While in many ways alternative energy remains in its infancy, continuing developments have put the U.S. in a better position relative to energy independence than seemed even thinkable a decade ago. The advent of hydraulic fracturing -- known as fracking -- has opened up a significant oil and gas supply that continues to lower the need to import resources from abroad. Similarly, advances in solar energy are making it an increasing viable solution, and positive guidance from the solar sector supports this belief. Finally, the U.S. is sitting on huge deposits of kerogen that could contain as much as 6 trillion barrels of oil if it could be extracted.
A case for liquefied natural gas
While thus far liquefied natural gas, or LNG, has remained impractical and unavailable in smaller, non-commercial vehicles, there has been an increasing push toward adopting this fuel for larger applications. Within the past month, Warren Buffett's Berkshire Hathaway announced that it's rolling out a pilot program to test the viability of using LNG to power locomotives at its BNSF Railway. The rail company is the second largest consumer of diesel in the country, using more fuel than any entity other than the U.S. Navy. If rail could effectively switch to LNG, the reduction in oil consumption would be dramatic.
This type of reduction would serve to continue a trend that has already begun. According to the U.S. Department of Energy, oil imports have fallen from a peak of 60% of consumption being supplied by foreign oil to 32%; furthermore, since total consumption has fallen, this means that the lower percentage is of an already smaller number. Similarly, according to a B of A Merrill Lynch estimate, where the U.S. spent $216 billion on natural gas in 2008, that number had fallen to $76 billion in 2012. A large factor for the decrease has been the explosion in supply from fracking operations.
Also aiding this effort is a push being made by Clean Energy Fuels to build enough LNG filling stations across the country to allow freight to traverse the U.S. in LNG-powered trucks. As the bulk of our goods still travels by truck, if these vehicles could be transitioned to LNG and away from diesel, consumption of foreign oil would fall even further. As the LNG trend continues, the position of the U.S. should continue to improve.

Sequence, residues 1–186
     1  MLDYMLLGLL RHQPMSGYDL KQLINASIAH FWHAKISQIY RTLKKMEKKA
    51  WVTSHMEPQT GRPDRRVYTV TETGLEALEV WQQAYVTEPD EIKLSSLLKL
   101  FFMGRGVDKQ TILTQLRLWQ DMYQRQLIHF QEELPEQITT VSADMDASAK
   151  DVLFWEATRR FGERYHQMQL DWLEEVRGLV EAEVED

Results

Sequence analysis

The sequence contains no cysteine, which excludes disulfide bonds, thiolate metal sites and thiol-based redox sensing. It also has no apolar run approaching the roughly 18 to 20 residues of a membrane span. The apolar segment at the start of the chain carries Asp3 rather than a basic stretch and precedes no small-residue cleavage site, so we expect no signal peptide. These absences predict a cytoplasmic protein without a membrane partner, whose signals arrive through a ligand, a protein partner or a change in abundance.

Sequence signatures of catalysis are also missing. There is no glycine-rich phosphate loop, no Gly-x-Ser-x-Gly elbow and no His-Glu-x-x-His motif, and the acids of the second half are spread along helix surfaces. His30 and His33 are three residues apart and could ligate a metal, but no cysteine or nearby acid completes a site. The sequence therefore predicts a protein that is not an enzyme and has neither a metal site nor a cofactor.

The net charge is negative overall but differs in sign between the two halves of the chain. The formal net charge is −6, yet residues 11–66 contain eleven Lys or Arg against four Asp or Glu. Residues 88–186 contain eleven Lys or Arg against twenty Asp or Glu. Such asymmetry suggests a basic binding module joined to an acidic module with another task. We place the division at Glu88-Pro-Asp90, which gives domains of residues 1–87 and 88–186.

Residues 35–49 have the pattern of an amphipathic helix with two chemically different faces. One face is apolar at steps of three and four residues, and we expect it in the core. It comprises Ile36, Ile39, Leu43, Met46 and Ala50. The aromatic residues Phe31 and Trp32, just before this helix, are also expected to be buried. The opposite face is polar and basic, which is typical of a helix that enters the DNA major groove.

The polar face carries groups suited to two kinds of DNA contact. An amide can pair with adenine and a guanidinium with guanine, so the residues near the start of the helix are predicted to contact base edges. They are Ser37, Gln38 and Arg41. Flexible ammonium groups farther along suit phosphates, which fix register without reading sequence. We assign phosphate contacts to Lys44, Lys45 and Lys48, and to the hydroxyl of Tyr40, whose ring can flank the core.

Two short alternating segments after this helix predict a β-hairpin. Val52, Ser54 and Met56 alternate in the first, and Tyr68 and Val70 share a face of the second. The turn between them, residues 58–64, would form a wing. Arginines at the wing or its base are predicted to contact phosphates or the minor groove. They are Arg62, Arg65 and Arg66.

The second week of April saw solar companies explode to the upside, driven largely by bullish comments from First Solar about the company's outlook for the rest of the year through 2015. The company also announced its acquisition of TetraSun under undisclosed financial terms. TetraSun brings expertise with silicon photovoltaic technology that's been used by other leaders in the field. The acquisition should open up new avenues for First Solar and give the company the ability to improve overall efficiency.
On that front, Sun Power announced earlier this week that it was releasing its X-Series panels that are capable of achieving 21.5% efficiency. This level of efficiency puts the company in the industry-leading role and is probably one of the catalysts for First Solar's acquisition of TetraSun -- the company has achieved 21% efficiency in past projects. The flurry of good news provides solid evidence that solar energy is becoming increasingly viable and should aid in the U.S. push for energy independence.
Keep digging for oil
Early estimates suggest that the U.S. may be sitting on enough kerogen to yield up to 6 trillion barrels of oil should the technology become more readily available to extract it. The process by which organic materials become oil takes millions of years, passing through a variety of stages. Fairly early in the process, oil shale is created, which requires the application of high levels of heat to render usable oil for refining; the process is called retorting. In addition, because kerogen isn't easily liquefied, it can't be extracted easily and, unlike fracking, requires costly mining operations.
Device used to extract oil from oil shale. Source: State of Colorado GeoSurvey.
Because of the complexity of the process, kerogen is not typically economic viable. The reserves do exist, however, and speak of great potential when American ingenuity is able to be fully applied to the problem. In the interim, the existence of these reserves provides some evidence that the U.S. ultimately has the ability to become energy independent.
As LNG, solar power, and other resources like kerogen continue to be explored and exploited, the overall position of the U.S. in terms of energy consumption continues to improve. Without framing the issue in terms of national security, as scarce resources are depleted, the ability to look within becomes of increasing value. For investors, following these developments has significant potential and should not be overlooked.
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The article Is the United States on the Verge of Energy Independence? originally appeared on Fool.com.
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